8. I haven't read the other posts. For us obedience is immediate, cheerful, and complete. If it isn't one of the three, they haven't obeyed. We don't always do a good job with this; both boys are having issues right now with both immediate and cheerful. It does help to have a standard that they are supposed to attain, though.
  9. We were in the same situation. We moved here in Sept. and weren't ready for snow removal. My husband actually considered the lawn tractor attachment or a blade for his truck. He also talked about a four wheeler with a blade. Luckily, our neighbor used to clear snow for the previous owners. They have a big tractor with a scoop on it. We would never have been able to take care of it (we've have several big snows and then 5 - 10 foot drifts) with just a shovel - the drifts pile up in front of the garage almost every day and I'm 8 months pregnant. Dh would have to shovel himself in and out twice a day. We decided it would be much cheaper to hire it done when needed than buy an expensive piece of equipment. You might ask around. A neighbor kid using his dad's tractor might help for a decent hourly rate.
  10. I have a meeting time with my two oldest. We do geography songs, lyrical science, some form of exercise (jumping jacks, stretches, etc.), bible story, and flash cards for sight words, vocabulary, and latin in addition to calendar type things. I want to add in animal classification, also. I have a chart with pockets, but I haven't made animal cards yet. I also want to do better with memorization every day, both verses and poems. I wouldn't necessary do all of this if I just had my 5 year old. A lot of it is geared toward my 6 year old and the 5 year old tags along. The 3 year old benefits, too, though - I hear him sing the songs to himself sometimes.
  11. I spend at least $2000 a year. Actual curriculum would be less, but I buy lots of books. Lots. I get a thrill when my reader picks up a science or nature or history book and learns something on her own. I have hundreds of books (mostly bought at garage sales and eBay in large lots) at each reading level, and I love when she grabs a stack to read on her own. And I buy everything I need for all four children. My oldest is in 2nd grade, and I have everything I need for all four children for 2nd. I would buy a lot of the extras even if my kids were in school. Actual curriculum, it probably averages out to 250-350 dollars per child per year.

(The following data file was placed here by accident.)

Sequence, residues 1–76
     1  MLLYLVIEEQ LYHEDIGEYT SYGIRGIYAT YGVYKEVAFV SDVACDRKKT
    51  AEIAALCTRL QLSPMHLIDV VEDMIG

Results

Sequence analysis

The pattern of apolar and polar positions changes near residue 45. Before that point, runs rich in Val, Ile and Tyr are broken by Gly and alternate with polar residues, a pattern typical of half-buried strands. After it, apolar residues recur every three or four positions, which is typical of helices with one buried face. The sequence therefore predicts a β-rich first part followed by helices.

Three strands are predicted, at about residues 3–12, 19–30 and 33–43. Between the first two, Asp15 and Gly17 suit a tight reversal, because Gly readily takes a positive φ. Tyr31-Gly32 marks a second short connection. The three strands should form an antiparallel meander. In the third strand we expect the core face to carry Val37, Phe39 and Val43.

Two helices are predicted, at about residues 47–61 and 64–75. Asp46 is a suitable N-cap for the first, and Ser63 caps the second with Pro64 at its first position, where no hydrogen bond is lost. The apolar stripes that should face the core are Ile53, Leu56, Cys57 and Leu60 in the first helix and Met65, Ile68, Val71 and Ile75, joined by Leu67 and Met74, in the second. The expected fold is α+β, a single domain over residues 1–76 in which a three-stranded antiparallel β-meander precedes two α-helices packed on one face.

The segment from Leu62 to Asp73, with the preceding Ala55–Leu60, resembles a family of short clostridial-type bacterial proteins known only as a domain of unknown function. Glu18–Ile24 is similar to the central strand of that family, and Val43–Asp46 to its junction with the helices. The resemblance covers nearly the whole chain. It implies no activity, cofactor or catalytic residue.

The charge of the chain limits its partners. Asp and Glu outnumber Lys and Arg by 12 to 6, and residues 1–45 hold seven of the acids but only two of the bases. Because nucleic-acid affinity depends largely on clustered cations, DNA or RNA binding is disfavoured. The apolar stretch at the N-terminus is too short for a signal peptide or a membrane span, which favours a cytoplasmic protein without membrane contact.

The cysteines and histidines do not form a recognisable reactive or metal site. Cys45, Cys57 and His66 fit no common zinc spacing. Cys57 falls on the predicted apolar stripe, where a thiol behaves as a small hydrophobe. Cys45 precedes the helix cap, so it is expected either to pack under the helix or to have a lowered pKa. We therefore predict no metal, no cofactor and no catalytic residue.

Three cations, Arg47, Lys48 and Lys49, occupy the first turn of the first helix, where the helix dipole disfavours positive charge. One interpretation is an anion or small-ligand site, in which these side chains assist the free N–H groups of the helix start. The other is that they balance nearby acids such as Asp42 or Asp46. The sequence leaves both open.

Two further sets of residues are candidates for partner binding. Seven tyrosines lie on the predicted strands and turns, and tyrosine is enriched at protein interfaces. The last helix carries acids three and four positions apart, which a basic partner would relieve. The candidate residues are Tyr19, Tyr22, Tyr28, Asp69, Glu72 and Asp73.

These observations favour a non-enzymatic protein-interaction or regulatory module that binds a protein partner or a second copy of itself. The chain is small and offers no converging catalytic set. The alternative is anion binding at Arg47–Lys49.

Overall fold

12. I had a friend request paper plates when I asked what she wanted for a baby gift. She had her third girl in a row and didn't need much else. I thought it was a great idea. I often include paper plates with baby gifts now.
  13. I studied in Spain for a semester when I was in college. One of the classes I had to take was a film class. It was awful with scenes in every single film that would be considered pornographic here. The prevailing opinion seemed to be that American films were inferior because they were "lightweight." That was the only negative stereotype that I encountered, and as I pointed out, I was equally unimpressed with their movies. So, to each his own. My sister and her husband have been living in Spain for the past 3 1/2 years. They have some Spanish friends, but their circle is mostly comprised of various expats from other English speaking countries. A few of the more outspoken ones have criticized America in general. One of the big things is energy usage. Energy is VERY expensive there and most people don't use a drier much even if they have one. They don't think it is fair of Americans to dry their clothes in a drier. I think at least some of this is due to jealousy at our cheaper energy, because some of them in particular would love the convenience of a drier. A lot of the Europeans (but definately not all) that she knows did not like Bush. But when I was in Spain, most didn't like Clinton. They probably won't like Obama either.